Europe denominated data is shown as EUR and covers all the countries using the euro. For example, retail sales in Europe will be shown as EUR Retail Sales m/m. On the other hand German retail sales will be shown as EUR German retail sales m/m. Again the reason for this additional release is that any drop in German retail sales is likely to have more impact due to the strength of the German economy. A drop in Italian retail sales is hardly worth a mention (despite my own best endeavours!) and not significant enough, even though Italy is the third largest economy in the Eurozone in terms of GDP. Furthermore, even a EUR consolidated number will often have less of an impact than the equivalent German figure. In this group there are also several economic releases for Europe. These include the unemployment rate reported as the headline rate; industrial production figures; monthly CPI and core CPI percentages. Again this consolidated data will have a relatively muted effect, as it generally follows the German equivalent. Other releases include the GDP figures along with M3 money supply figures and the ECB monthly bulletin. Of these it is odd that the M3 money supply release is classified as a tier 2 indicator release, given that M3 measures the amount of currency in circulation and is therefore a direct indicator for inflation. It is also one of the measures the ECB uses in its monthly interest rate decision. M3 is also important because in the early part of an economic recovery an increase in the money supply indicates a growing economy with increased spending and investment, whilst later in the economic cycle it leads to inflation and higher interest rates. So, if this number is better than expected it is generally good for the euro, as long as inflation is under control. The ECB monthly bulletin which appears about a week after the rate decision fleshes out the criteria for the decision, coupled with a look ahead to the future for the economy. Once again it is strange that this does not have more impact on the markets given the volatility created by its equivalent from the Federal Reserve, namely the FOMC minutes. Finally, for the euro what has never been made clear is why there are quite so many releases. However, it may simply be an attempt to portray the eurozone as one, united entity hence the need for so much data !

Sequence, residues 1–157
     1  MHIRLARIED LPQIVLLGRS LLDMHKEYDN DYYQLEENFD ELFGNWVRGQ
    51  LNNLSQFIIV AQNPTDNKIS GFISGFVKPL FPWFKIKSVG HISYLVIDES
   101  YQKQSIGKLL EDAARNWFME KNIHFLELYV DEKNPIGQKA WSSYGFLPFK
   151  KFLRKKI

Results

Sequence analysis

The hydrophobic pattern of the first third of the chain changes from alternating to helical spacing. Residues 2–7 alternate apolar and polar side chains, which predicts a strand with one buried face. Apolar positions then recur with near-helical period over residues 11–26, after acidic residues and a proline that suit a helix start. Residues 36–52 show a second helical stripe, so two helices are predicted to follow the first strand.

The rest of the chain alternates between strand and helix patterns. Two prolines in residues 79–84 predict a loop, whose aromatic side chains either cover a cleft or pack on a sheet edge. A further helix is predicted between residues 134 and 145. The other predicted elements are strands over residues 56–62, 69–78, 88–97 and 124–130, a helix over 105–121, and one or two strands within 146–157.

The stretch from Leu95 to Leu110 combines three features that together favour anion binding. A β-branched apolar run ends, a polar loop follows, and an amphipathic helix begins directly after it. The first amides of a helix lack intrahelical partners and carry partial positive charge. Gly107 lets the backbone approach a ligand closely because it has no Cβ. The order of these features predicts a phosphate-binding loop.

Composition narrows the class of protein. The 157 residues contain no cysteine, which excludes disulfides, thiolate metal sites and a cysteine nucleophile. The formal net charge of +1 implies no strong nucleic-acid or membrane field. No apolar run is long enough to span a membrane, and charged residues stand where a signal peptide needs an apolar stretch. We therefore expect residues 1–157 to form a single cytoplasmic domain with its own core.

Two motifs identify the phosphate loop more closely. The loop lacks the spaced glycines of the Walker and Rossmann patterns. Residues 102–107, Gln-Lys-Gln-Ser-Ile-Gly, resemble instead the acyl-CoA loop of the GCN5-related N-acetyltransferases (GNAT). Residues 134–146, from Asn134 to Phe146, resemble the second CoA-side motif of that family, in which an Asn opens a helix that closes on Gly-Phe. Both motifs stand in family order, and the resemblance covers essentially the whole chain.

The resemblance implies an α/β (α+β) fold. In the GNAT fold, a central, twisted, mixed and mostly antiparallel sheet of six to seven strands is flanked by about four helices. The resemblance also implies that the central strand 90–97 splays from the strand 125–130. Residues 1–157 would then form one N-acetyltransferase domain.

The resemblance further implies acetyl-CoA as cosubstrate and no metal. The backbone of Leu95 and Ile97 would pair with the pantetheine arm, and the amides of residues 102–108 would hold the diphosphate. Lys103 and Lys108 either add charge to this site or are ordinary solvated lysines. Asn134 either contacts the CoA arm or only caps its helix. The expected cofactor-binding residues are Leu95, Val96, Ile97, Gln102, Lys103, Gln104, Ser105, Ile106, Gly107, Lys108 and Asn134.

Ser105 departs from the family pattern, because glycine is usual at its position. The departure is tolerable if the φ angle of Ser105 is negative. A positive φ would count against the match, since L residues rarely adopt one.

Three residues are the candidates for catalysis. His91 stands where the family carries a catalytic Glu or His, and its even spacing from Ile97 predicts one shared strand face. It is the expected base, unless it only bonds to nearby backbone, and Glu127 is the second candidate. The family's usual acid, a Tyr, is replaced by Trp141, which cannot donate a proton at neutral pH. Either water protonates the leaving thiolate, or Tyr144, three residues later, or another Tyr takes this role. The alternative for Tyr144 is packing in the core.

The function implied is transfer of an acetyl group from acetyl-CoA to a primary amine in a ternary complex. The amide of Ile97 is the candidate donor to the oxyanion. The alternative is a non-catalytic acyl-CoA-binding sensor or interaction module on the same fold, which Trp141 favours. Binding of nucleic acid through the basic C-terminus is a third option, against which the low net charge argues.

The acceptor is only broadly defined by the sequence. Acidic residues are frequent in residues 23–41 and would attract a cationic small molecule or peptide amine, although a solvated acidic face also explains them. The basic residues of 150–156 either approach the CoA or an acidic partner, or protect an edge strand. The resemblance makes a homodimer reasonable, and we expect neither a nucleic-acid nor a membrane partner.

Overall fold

The US Dollar Among the tier 2 indictors for the US dollar the first one to notice is the weekly Crude Oil Inventories. This release is unusual in that it can have an equal impact on the Canadian dollar, for obvious reasons. Moreover, it is the only oil specific release and, in my view very important, particularly if you are trading the Canadian dollar. The indicator reports the oil inventory at Cushing in the USA. Cushing is a major oil supply hub and the inventory figures confirm whether there has been a build in the oil reserves or a draw. The significance of these figures is fairly straightforward. A build in the oil reserves